December 14, 2010
Monkeys moved thought-controlled computer cursors more quickly and accurately when provided with additional sensory feedback, according to a new study in the Dec. 15 issue of The Journal of Neuroscience. While most brain-machine technologies rely only on visual feedback, this study demonstrated that these systems can be improved when users have additional input, such as a sense of the arm’s position and motion, a sensation known as proprioception.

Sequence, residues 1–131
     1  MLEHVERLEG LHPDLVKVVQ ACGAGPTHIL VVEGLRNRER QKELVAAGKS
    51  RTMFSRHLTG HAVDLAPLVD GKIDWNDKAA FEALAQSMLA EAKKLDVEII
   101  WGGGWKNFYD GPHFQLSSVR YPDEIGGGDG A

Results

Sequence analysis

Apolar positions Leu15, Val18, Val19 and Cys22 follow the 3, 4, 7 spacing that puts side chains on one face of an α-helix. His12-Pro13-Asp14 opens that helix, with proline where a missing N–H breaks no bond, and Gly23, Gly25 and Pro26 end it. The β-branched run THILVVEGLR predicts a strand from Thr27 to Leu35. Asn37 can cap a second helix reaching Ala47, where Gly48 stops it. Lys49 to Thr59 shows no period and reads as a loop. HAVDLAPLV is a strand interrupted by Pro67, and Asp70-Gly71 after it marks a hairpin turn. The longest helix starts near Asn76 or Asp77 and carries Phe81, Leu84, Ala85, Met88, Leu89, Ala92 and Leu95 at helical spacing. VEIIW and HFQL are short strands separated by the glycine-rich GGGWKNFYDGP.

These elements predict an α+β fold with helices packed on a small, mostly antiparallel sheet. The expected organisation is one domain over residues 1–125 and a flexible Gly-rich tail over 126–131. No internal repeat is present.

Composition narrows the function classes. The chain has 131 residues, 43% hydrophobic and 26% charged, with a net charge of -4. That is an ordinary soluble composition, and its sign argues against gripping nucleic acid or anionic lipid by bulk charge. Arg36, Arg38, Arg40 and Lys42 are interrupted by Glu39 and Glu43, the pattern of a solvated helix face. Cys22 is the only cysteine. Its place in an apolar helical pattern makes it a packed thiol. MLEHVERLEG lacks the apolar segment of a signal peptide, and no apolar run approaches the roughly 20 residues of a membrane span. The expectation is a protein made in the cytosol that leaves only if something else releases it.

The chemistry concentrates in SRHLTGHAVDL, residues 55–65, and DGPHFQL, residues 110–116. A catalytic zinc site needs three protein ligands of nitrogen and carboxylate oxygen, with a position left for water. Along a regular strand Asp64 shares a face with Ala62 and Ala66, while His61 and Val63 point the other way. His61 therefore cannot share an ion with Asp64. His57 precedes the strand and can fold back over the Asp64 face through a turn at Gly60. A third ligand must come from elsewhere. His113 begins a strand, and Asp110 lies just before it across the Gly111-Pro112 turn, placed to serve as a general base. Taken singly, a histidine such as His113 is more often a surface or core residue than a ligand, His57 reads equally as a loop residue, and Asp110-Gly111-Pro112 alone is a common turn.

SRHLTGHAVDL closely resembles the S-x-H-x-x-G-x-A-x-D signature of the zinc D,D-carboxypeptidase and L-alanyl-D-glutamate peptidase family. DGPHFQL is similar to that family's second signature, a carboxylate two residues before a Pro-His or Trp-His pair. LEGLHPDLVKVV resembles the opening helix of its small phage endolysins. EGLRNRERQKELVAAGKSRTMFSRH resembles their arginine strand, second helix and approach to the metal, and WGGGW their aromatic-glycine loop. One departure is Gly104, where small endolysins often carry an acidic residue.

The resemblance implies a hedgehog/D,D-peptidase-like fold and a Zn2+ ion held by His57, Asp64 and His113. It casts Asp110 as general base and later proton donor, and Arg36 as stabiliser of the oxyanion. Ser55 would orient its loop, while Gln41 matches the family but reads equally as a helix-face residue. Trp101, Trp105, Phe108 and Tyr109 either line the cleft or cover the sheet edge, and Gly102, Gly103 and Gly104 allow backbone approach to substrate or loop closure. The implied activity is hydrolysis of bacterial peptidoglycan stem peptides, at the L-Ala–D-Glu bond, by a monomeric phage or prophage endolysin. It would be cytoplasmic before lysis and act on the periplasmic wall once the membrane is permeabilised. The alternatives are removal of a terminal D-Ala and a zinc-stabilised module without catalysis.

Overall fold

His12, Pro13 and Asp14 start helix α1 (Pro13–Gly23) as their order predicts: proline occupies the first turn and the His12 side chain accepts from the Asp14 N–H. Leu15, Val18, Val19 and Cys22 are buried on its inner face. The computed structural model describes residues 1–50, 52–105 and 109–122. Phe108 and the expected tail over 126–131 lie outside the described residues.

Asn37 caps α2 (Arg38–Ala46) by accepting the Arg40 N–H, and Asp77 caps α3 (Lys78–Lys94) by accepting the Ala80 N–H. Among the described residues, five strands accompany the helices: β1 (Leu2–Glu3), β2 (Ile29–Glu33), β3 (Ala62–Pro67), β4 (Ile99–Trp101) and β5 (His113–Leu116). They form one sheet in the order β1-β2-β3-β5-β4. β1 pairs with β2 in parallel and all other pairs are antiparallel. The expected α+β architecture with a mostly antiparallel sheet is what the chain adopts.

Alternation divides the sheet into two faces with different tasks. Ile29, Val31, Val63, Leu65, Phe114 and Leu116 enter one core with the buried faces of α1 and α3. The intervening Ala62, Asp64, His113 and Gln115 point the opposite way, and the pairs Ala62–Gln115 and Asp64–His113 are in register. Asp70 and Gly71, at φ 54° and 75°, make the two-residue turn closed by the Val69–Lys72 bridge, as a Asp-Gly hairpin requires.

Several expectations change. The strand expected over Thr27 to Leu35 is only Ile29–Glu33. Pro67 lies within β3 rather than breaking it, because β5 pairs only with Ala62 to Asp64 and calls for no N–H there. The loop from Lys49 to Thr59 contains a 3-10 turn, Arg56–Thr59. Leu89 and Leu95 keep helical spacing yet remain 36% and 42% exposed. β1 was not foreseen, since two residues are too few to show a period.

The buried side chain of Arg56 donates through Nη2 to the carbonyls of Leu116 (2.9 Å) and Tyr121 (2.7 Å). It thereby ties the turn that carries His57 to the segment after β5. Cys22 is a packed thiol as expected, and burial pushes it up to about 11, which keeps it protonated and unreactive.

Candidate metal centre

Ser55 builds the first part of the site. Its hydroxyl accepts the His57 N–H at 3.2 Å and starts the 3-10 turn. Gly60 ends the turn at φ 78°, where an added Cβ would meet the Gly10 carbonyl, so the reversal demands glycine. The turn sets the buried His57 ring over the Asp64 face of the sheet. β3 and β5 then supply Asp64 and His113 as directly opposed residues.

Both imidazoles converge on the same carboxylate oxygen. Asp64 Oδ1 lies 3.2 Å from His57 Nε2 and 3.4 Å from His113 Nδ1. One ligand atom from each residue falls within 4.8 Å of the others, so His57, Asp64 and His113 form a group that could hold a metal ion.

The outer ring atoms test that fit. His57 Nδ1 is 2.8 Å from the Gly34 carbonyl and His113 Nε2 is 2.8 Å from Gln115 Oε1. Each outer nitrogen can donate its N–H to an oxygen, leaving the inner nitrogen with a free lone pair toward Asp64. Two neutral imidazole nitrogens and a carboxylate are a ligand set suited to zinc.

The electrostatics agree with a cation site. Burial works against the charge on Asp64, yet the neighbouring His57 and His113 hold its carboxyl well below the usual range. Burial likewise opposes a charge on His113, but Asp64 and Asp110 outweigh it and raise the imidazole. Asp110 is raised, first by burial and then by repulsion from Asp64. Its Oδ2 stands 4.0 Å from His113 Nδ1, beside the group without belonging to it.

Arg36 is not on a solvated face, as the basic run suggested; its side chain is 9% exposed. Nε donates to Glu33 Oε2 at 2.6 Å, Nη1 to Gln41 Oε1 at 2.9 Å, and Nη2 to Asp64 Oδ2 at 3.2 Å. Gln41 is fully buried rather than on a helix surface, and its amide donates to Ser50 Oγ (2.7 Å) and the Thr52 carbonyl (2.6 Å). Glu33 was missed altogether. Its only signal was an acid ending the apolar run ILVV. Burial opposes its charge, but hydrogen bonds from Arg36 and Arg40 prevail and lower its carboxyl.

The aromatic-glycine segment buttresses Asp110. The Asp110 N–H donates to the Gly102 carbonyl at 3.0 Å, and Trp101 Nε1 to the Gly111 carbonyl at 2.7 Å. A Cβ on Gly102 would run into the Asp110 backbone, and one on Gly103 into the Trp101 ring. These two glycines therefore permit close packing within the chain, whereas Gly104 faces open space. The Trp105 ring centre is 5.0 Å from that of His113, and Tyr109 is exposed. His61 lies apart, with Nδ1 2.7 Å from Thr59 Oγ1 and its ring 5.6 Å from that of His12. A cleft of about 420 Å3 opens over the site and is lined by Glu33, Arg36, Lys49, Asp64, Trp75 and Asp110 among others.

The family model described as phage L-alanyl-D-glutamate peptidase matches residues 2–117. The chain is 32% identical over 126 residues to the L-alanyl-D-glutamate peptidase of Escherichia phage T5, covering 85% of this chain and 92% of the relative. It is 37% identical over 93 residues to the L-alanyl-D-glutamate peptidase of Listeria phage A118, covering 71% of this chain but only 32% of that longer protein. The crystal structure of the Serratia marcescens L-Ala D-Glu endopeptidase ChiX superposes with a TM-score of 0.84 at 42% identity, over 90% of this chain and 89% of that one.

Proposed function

With the aid of brain-controlled devices, paralyzed people have been able to send e-mail, play video games, and operate robotic arms. In this study, researchers led by Nicholas Hatsopoulos, PhD, of the University of Chicago, aimed to help further develop such machines for people who may still experience feeling in paralyzed limbs, including many patients with spinal cord injury and amyotrophic lateral sclerosis (ALS).